The following example contains two files, Assembly1.cs and Assembly2.cs. The first file contains a public base class, MyBaseClass, and a type derived from it, MyDerivedClass1. MyBaseClass owns a private protected member, count, which MyDerivedClass1 tries to access in two ways. The first attempt to access count through an instance of MyBaseClass will produce an error. However, the effort to use it as an inherited member in MyDerivedClass1 will succeed. In the second file, an attempt to access count as an inherited member of MyDerivedClass2 will produce an error, as it is only accessible by derived types in Assembly1.

example

// Assembly1.cs
// Compile with: /target:library
public class MyBaseClass
{
    private protected int count = 0;
}
public class MyDerivedClass1 : MyBaseClass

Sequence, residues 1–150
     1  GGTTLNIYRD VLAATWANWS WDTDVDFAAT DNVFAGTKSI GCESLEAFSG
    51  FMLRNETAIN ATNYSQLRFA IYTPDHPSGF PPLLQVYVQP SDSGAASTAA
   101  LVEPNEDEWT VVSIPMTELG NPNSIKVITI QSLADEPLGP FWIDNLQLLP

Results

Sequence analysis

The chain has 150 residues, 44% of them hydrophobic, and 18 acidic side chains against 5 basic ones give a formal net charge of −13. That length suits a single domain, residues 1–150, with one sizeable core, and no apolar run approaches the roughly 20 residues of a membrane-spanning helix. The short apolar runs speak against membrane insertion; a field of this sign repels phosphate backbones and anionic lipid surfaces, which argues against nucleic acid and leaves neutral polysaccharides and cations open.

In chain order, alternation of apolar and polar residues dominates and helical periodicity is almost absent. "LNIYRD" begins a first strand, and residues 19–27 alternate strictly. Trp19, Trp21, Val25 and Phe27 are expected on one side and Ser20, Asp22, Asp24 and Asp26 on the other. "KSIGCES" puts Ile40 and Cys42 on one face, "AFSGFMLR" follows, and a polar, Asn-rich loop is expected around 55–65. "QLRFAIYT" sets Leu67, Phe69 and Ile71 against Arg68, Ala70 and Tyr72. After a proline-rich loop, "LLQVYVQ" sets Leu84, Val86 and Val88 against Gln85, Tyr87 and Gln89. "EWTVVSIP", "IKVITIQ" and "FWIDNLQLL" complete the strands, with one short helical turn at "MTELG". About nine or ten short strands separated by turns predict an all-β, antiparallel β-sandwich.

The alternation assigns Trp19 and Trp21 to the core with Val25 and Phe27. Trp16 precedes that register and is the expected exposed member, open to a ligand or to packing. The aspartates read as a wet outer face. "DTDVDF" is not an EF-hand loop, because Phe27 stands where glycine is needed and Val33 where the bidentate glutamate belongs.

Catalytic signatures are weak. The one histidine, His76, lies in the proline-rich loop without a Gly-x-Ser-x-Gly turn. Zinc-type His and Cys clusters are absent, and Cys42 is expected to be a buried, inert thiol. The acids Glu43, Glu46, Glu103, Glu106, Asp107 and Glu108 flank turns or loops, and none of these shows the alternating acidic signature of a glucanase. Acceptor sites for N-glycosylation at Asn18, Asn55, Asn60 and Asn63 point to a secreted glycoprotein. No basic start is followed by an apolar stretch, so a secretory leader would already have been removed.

{
  void callMe()
  {
    MyBaseClass obj = new MyBaseClass();
    obj.count = 5;
    // Error CS1540, because the variable count can only be accessed by
    // classes derived from MyBaseClass.
    count = 5; // OK, accessed through the current derived class instance
  }
}

example


// Assembly2.cs
// Compile with: /reference:Assembly1.dll
class MyDerivedClass2 : MyBaseClass
{
  void callMe()
  {
    count = 10;
    // Error CS0122, because count can only be
    // accessed by types in Assembly1
  }
}

Protected Internal Vs. Private Protected

protected internal

  1. protected in another assembly: accessible only in the child classes.
  2. Internal in the current assembly: accessible by everyone in the current assembly.

Private protected

  1. private in another assembly: is not accessible.
  2. Protected in the current assembly: accessible only in the child classes.

Default access modifiers in C#